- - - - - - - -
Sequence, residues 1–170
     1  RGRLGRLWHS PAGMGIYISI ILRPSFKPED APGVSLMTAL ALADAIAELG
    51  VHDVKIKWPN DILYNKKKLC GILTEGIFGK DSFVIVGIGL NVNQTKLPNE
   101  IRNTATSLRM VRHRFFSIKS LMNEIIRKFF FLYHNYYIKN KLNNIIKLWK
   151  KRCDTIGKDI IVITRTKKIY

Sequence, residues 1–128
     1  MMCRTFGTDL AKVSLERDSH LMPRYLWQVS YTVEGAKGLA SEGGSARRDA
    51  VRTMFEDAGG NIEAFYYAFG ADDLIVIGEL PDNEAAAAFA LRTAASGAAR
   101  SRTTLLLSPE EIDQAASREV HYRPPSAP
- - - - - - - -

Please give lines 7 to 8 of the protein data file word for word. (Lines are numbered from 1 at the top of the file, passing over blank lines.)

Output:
     1  MMCRTFGTDL AKVSLERDSH LMPRYLWQVS YTVEGAKGLA SEGGSARRDA
    51  VRTMFEDAGG NIEAFYYAFG ADDLIVIGEL PDNEAAAAFA LRTAASGAAR